4. Federal Employees Benefits – Same sex married couples will now qualify for health insurance, pension protections, and dozens of other benefits the federal government provides to its employees and former employees and their families.  You can find the whole list of them here.  The Office of Personnel Management has already announced that it will be working closely with the Department of Justice to provide additional guidance to federal human resource officials and employees regarding the changes to come.

5.  Federal Estate Taxes – Same sex married couples can now (1) file join income tax filings; (2) receive exemptions from federal estate taxes in the future; and (3) receive refunds for federal estate taxes already paid. 26 U.S.C 2056(a).

6.  COBRA Spousal Health Benefits – employees’ partners will be eligible for the continued health insurance coverage under the employer’s group health plan.  COBRA requires private employers with 20 or more employees to offer continued group coverage for a defined period to employees and their covered dependents under certain circumstances, including termination of employment and divorce.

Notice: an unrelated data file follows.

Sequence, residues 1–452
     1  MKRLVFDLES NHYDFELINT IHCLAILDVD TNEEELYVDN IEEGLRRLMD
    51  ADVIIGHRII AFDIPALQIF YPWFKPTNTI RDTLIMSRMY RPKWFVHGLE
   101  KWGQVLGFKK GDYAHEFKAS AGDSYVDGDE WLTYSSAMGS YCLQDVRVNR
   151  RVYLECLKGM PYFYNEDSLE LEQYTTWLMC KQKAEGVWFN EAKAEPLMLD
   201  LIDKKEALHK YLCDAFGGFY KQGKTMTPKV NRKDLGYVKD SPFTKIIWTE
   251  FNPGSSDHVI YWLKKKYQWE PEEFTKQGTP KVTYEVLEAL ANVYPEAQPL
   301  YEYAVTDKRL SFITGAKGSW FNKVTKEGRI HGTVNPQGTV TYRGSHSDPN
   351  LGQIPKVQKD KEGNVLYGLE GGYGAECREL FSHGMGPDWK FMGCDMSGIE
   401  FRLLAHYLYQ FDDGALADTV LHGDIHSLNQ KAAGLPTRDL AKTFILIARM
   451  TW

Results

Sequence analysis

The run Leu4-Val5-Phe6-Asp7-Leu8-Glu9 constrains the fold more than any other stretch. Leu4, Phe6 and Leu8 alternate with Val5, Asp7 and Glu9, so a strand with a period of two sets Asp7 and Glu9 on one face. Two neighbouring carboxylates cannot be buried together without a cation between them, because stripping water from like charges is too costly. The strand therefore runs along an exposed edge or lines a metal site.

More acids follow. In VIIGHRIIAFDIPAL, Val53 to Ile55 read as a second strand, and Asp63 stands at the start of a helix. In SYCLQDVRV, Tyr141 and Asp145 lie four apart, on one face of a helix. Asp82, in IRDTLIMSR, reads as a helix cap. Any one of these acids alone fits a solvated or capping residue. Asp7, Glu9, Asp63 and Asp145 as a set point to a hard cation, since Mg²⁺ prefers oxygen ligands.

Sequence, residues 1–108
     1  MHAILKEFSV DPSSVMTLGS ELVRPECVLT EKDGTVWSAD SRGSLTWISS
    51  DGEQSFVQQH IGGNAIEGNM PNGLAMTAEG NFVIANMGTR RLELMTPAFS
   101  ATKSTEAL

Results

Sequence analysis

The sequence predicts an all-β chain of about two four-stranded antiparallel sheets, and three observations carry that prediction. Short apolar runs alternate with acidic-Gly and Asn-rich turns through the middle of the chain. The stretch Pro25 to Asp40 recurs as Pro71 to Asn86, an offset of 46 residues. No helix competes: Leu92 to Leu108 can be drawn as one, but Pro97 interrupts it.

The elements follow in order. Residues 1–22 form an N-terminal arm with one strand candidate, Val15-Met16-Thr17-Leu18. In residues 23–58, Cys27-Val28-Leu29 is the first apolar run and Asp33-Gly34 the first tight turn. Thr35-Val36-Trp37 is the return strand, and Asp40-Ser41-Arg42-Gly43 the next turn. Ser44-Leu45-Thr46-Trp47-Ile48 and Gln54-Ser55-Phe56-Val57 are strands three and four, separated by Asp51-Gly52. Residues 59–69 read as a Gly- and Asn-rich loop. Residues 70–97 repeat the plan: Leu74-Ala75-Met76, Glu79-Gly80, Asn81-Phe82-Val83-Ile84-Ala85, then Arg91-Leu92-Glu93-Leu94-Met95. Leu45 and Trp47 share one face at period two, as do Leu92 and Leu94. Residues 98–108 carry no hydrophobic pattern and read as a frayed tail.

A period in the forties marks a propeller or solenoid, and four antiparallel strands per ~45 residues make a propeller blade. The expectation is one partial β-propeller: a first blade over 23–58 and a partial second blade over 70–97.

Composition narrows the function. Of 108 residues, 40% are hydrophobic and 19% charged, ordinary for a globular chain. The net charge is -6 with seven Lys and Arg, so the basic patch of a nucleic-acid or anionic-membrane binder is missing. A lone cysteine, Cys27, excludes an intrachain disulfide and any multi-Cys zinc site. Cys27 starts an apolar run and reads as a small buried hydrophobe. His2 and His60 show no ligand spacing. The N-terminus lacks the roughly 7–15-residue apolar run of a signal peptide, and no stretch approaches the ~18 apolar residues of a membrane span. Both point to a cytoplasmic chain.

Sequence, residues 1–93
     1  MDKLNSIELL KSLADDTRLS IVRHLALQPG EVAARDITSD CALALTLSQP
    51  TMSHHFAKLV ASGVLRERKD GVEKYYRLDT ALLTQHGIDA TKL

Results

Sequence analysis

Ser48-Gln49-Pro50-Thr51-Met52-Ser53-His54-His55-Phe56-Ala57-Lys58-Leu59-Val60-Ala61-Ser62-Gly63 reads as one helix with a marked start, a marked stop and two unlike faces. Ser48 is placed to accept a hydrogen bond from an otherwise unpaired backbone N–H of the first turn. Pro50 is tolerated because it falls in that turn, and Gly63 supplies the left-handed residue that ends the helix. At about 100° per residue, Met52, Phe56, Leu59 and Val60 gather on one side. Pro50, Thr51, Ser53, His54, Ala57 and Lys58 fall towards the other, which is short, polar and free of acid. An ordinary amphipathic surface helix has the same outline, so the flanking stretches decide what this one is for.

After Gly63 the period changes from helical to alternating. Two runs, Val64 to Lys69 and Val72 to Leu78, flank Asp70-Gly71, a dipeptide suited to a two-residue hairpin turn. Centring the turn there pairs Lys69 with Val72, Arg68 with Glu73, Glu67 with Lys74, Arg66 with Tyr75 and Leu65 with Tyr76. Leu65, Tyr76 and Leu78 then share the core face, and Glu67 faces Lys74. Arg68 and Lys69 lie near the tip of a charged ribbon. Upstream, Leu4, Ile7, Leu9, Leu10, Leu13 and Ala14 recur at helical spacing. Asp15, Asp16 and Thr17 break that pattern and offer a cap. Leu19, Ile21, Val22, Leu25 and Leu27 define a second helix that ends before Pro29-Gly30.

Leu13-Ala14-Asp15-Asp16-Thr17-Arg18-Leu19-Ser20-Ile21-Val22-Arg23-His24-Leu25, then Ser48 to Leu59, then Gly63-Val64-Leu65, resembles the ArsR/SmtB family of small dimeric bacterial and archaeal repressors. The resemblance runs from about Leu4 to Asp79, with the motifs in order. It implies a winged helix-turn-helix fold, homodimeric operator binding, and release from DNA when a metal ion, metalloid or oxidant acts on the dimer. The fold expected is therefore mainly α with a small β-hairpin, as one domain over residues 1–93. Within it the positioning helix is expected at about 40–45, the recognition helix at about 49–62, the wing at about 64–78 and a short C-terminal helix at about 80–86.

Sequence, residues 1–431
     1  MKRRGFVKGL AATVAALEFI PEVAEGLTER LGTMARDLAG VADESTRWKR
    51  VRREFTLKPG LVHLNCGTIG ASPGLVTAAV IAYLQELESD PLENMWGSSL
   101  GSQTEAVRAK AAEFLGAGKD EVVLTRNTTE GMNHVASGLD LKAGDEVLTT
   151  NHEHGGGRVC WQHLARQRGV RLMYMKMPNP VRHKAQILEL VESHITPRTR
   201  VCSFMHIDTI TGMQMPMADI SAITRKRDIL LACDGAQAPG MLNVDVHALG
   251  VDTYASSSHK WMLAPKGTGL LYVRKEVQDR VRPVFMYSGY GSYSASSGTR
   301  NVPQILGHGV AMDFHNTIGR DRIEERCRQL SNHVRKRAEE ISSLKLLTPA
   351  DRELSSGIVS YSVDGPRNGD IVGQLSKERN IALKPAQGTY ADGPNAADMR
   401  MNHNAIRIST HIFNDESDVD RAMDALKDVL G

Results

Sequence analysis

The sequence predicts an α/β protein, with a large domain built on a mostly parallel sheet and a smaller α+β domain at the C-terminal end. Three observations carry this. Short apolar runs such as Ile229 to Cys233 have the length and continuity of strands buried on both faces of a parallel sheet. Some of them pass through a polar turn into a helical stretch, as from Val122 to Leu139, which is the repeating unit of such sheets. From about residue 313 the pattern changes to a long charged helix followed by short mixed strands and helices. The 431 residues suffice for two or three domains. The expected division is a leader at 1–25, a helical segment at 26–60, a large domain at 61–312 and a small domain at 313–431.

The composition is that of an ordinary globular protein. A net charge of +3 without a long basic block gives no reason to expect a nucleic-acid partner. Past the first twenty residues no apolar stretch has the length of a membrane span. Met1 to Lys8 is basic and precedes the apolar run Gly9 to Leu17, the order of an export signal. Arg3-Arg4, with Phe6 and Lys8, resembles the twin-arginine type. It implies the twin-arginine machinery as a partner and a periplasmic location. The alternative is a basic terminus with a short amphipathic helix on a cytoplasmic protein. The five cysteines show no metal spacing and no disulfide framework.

7. Employer-Provided Health Benefits – Until now, the value of health benefits provided by employers to employees’ partners was treated as income and subject to federal income tax.  This is no longer true.

8.  Gift Tax – Same-sex couples will now be exempt from gift tax when transferring assets to each other.  Under DOMA, any gift between same-sex spouses of more than $14,000 began adding up to a lifetime limit of $5.25 million — after which a 40% tax was assessed.  They will no longer be subjected to this tax.

9.   Hundreds of other benefits that until now have been available only to married couples of opposite sex and have been denied to same-sex married couples.